'Circuitous Route' | Off The Press


‘Circuitous Route’

Court Ends Berkeley's Gas Appliance End Run

  • A California federal appeals court on Monday overturned the city of Berkeley’s first-in-the-nation ban on natural gas lines in new buildings.
  • The unanimous ruling sided with restaurant owners who argued ordinance conflicts with federal laws on energy efficiency.
  • The U.S. Court of Appeals for the Ninth Circuit ruled the ban, which the city’s government passed in 2019 as part of its climate agenda, violated the federal Energy Policy and Conservation Act of 1975.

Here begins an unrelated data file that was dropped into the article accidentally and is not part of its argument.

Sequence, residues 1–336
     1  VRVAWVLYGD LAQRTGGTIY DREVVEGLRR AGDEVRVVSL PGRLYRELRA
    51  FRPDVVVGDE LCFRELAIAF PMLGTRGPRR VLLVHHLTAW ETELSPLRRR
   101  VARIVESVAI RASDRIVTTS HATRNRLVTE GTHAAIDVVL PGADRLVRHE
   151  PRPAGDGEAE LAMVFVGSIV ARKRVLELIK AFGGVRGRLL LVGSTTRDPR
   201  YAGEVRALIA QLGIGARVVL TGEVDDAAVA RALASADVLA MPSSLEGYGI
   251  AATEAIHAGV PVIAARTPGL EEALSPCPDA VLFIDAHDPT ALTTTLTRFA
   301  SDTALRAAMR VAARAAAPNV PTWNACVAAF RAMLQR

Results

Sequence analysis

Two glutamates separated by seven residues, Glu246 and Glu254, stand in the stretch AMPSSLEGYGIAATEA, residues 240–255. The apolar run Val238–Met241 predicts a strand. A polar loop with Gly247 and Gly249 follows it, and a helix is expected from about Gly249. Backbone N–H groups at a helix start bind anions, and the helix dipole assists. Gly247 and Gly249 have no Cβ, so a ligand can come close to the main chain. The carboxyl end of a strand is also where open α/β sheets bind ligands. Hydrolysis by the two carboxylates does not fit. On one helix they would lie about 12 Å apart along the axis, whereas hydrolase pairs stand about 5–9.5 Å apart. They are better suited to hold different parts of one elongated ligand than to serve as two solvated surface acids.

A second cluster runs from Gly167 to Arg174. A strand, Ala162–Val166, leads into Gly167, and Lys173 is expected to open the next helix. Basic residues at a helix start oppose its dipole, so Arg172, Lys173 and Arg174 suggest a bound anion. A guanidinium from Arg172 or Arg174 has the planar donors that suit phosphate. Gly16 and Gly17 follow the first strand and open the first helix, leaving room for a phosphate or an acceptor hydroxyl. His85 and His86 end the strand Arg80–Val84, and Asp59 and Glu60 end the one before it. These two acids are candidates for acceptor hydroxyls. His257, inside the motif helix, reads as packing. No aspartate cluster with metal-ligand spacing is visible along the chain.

• “Instead of directly banning those appliances in new buildings, Berkeley took a more circuitous route to the same result,” Judge Patrick Bumatay wrote in the opinion. “It enacted a building code that prohibits natural gas piping into those buildings, rendering the gas appliances useless.”
  • By banning gas pipes in new building construction, the city essentially violated the federal law, which prevents local regulations on the energy use of natural gas appliances.
  • The ruling comes as the Energy Department continues to consider regulations curbing which types of natural gas stoves manufacturers can sell.
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